using WOMAC pain subscale. The WOMAC pain subscale referred to the patient's pain. It was comprised of 5 items, with each item scored from 0 (minimum) to 4 (maximum), where 4 indicated worst pain condition. An overall score range of 0 (minimum) to 20 (maximum), with higher scores indicating worse physical function.

  4. Knee-joint function [ Time Frame: baseline, 8 weeks, 16 weeks and 26 weeks ]
    using WOMAC function subscale. The WOMAC function subscale referred to the participant's ability to move around and perform usual activities of daily living. The WOMAC function subscale was comprised of 17 questions regarding the degree of difficulty experienced due to OA in the study knee. The WOMAC function subscale score for each question ranged from 0 (minimum) to 4 (maximum), higher scores signified worse physical function. An overall score range of 0 (minimum) to 68 (maximum), with higher scores indicating worse physical function.

  5. Knee-joint stiffness [ Time Frame: baseline, 8 weeks, 16 weeks and 26 weeks ]
    using WOMAC stiffness subscale. The WOMAC stiffness subscale was comprised of 2 questions regarding the degree of stiffness experienced in the study knee. The WOMAC stiffness subscale score for each question ranged from 0 (minimum) to 4 (maximum), higher scores signified worse stiffness. An overall score range of 0 (minimum) to 8 (maximum), with higher scores indicating more stiffness.

  6. Quality of life [ Time Frame: baseline, 8 weeks, 16 weeks and 26 weeks ]
    using 12-Item Short Form Health Survey. An overall score range of 0 (minimum) to 100(maximum), with higher scores indicating better quality of life.

  7. Credibility score [ Time Frame: 1 week(after the first treatment) ]
    using Credibility/expectancy questionnaire

  8. Expectancy score [ Time Frame: 1 week(after the first treatment) ]
    using Credibility/expectancy questionnaire

  9. Blinding assessment [ Time Frame: 4 weeks and 8 weeks ]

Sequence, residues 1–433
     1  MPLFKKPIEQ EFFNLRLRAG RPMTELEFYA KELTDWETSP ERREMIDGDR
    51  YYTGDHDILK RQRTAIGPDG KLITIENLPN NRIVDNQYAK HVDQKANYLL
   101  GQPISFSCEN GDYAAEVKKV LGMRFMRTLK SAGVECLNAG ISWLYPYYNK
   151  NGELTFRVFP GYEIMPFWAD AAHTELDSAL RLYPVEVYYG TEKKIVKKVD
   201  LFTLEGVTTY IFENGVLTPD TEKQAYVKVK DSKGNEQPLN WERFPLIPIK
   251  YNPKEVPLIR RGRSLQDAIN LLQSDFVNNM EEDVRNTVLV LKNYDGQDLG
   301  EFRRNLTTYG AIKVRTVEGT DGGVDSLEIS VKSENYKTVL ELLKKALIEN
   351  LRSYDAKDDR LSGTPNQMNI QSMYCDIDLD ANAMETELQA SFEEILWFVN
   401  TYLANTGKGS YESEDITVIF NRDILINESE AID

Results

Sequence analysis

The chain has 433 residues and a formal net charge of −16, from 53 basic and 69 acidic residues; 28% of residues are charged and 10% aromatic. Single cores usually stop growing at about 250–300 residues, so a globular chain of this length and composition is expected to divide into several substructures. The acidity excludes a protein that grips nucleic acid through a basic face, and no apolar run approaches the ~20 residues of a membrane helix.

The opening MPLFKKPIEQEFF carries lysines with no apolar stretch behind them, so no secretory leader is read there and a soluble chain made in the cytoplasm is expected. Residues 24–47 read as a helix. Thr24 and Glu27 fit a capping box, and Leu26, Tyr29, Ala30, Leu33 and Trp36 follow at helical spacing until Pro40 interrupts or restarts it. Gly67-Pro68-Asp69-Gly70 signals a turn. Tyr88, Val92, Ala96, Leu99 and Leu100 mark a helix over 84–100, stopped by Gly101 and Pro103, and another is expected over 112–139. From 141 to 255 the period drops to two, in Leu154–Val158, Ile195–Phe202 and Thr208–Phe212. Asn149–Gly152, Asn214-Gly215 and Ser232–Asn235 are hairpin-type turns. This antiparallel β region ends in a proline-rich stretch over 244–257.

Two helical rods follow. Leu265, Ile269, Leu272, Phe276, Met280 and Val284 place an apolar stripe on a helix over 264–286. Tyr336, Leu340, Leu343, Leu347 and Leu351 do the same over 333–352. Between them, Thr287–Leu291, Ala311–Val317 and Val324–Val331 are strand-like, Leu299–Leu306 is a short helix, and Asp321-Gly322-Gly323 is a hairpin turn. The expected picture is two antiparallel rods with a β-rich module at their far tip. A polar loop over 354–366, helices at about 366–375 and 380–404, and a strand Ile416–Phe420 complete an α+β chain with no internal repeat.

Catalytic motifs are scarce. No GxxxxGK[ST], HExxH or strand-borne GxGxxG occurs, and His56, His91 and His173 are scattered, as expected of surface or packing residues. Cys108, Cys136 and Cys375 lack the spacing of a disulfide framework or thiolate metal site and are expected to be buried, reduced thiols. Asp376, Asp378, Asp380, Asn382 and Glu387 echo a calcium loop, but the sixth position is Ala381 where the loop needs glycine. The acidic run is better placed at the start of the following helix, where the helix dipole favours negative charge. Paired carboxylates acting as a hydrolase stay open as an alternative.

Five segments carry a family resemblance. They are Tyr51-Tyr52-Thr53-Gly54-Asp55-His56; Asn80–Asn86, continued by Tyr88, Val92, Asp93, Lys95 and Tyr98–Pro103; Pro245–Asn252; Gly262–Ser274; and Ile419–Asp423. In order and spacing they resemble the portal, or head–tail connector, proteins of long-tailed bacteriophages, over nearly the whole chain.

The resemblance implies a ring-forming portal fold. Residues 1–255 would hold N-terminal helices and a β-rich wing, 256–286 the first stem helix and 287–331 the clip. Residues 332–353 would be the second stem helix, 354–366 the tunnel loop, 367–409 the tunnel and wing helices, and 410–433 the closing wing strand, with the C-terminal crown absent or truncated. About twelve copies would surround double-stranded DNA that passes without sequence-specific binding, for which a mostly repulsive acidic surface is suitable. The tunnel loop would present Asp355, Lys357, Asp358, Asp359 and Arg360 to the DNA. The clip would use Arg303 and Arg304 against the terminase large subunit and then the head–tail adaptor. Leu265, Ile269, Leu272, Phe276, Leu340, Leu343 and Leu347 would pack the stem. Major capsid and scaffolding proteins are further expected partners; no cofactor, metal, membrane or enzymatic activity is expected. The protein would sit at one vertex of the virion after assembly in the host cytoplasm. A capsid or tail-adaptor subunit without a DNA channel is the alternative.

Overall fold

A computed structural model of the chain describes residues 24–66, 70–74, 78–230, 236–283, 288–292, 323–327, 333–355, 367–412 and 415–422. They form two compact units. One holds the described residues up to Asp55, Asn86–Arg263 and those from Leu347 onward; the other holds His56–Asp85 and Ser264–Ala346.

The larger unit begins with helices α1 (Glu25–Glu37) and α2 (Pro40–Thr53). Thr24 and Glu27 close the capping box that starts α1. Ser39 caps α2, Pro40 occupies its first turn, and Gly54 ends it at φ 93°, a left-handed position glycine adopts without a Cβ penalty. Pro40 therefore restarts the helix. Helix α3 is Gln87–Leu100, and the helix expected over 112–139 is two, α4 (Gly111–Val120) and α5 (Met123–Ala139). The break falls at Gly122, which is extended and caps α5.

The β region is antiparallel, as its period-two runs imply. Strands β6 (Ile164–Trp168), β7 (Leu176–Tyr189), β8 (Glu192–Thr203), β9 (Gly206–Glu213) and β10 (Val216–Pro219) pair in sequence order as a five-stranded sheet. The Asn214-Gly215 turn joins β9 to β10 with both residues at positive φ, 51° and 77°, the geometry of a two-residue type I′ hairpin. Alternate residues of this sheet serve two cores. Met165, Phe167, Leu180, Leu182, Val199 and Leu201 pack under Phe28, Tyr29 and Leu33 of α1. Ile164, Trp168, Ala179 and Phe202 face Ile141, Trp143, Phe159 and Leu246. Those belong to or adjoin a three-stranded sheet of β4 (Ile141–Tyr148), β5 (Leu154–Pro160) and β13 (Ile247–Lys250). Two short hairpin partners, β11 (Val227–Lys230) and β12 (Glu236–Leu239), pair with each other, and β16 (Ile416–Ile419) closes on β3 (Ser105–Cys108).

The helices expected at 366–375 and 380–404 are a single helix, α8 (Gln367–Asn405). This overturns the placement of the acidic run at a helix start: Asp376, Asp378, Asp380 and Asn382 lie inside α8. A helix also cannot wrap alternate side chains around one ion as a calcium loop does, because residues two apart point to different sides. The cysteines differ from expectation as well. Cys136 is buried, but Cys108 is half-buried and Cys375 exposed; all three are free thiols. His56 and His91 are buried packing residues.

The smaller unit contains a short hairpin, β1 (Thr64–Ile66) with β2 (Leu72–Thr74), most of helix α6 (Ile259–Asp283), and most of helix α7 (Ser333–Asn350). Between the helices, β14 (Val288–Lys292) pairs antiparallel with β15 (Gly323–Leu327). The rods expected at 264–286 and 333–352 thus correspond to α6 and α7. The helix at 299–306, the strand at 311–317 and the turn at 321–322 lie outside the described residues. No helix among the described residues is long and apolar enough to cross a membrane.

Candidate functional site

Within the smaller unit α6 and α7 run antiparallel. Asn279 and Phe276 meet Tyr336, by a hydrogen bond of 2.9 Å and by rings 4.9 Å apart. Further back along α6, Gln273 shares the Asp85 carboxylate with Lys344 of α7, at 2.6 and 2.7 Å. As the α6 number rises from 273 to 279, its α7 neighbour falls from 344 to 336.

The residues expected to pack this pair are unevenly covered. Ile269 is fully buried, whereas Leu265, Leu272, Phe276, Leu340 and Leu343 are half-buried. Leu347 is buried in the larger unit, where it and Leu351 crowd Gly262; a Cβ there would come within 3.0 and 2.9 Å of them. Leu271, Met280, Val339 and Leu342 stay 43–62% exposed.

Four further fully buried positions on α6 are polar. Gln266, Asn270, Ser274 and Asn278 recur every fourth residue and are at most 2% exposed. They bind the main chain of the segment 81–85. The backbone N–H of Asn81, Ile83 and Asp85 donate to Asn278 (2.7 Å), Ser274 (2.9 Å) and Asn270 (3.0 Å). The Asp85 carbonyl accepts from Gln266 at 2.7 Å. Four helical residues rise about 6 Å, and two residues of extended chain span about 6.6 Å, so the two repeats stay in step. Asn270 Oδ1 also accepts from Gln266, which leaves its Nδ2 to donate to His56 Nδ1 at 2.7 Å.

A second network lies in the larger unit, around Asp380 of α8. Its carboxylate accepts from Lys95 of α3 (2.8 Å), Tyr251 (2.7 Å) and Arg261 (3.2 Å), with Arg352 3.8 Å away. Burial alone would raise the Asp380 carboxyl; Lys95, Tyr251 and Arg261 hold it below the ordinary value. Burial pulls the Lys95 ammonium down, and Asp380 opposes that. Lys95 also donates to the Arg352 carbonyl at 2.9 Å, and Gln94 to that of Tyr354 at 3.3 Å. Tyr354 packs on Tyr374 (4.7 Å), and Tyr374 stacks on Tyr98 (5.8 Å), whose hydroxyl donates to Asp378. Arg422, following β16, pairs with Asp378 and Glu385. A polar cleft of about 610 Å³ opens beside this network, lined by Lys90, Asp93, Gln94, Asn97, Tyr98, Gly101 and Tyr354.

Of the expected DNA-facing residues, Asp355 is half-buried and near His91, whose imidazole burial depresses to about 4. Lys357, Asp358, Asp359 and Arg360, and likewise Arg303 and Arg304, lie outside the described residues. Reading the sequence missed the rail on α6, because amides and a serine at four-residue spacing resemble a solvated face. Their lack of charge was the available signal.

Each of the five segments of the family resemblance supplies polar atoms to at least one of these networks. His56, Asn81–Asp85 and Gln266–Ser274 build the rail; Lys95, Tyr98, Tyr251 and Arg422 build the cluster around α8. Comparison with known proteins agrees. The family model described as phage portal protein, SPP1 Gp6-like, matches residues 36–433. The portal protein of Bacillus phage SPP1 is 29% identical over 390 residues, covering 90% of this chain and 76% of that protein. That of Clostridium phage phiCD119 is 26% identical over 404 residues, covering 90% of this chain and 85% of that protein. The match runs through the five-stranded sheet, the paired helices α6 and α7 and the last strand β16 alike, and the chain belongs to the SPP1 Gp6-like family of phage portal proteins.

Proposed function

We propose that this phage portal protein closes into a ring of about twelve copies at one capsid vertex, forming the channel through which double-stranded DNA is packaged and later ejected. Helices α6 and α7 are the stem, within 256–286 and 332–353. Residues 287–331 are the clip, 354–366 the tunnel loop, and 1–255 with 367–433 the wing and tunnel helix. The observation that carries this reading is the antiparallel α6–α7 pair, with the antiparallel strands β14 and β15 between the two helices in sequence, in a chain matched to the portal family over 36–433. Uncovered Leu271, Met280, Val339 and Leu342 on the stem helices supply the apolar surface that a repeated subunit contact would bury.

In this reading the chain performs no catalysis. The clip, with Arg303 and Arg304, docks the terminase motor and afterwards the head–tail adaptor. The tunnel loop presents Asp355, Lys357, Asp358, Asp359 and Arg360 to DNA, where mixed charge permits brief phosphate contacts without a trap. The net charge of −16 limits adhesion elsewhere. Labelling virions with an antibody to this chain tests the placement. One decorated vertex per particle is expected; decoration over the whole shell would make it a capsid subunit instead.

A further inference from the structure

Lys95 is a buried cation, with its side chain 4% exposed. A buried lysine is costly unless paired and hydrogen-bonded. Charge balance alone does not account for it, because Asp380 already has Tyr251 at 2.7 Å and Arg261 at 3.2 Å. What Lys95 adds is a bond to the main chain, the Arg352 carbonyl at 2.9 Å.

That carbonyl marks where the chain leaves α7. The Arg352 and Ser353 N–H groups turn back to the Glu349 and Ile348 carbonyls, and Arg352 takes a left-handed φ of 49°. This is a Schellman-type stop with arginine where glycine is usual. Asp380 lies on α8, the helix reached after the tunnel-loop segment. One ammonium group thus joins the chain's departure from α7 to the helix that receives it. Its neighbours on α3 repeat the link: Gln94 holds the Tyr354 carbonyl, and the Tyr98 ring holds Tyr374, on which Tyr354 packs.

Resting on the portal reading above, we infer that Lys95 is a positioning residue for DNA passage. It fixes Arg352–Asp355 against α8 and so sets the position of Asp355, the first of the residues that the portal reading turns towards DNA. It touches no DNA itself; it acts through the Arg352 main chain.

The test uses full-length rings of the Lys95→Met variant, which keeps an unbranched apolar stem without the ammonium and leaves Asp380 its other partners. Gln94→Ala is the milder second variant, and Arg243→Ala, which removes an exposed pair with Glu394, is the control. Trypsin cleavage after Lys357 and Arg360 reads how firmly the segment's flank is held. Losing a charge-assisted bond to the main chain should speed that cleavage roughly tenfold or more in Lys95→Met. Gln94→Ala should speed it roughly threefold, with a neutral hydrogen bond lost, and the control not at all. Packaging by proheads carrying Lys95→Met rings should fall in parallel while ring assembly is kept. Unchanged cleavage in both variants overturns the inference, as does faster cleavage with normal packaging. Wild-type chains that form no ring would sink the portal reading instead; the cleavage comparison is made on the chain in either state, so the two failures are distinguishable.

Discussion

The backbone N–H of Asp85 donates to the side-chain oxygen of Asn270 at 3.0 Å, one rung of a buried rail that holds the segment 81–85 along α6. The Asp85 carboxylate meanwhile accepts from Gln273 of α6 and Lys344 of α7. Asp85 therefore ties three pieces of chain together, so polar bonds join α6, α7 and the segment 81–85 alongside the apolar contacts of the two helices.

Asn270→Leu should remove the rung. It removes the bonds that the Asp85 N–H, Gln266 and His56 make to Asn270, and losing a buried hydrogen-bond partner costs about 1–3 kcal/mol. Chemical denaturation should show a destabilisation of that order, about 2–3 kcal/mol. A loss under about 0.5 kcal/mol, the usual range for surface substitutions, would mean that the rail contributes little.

Blinding assessment will be performed in all 9 centers

  10. Global effect [ Time Frame: 8 weeks, 16 weeks and 26 weeks ]
    Overall Treatment Effect (extremely improved, slightly improved, not changed, slightly aggravated, extremely aggravated)

  11. Adverse events [ Time Frame: first treatment up to 8 weeks ]
    Adverse Event Form



Information from the National Library of Medicine

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Ages Eligible for Study:   45 Years to 75 Years   (Adult, Older Adult)
Sexes Eligible for Study:   All
Accepts Healthy Volunteers:   No
Criteria

Inclusion Criteria:

  1. Age 45-75 years old, male or female
  2. Single / bilateral knee pain, duration of more than 6 months
  3. KL (Kellgren-Lawrence) grade Ⅱ or Ⅲ
  4. NRS ≥ 4

Exclusion Criteria:

  1. Surgery history of knee or waiting for surgery (knee replacement or knee arthroscopy)
  2. Knee pain caused by other diseases (such as joint bodies, severe effusion of joint cavity, infection, malignant tumors, autoimmune diseases, trauma, fracture, gout, lumbosacral vertebrae disease, etc.)
  3. History of arthroscopy within 1 year or intra-articular injection within 4 months
  4. History of receiving acupuncture or massage treatment within 3 months
  5. Severe acute/chronic organic or mental diseases
  6. Coagulation disorders (such as hemophilia, etc.)
  7. Cardiac pacemaker, metal allergy or needle phobia
  8. Pregnant women, pregnant and lactating women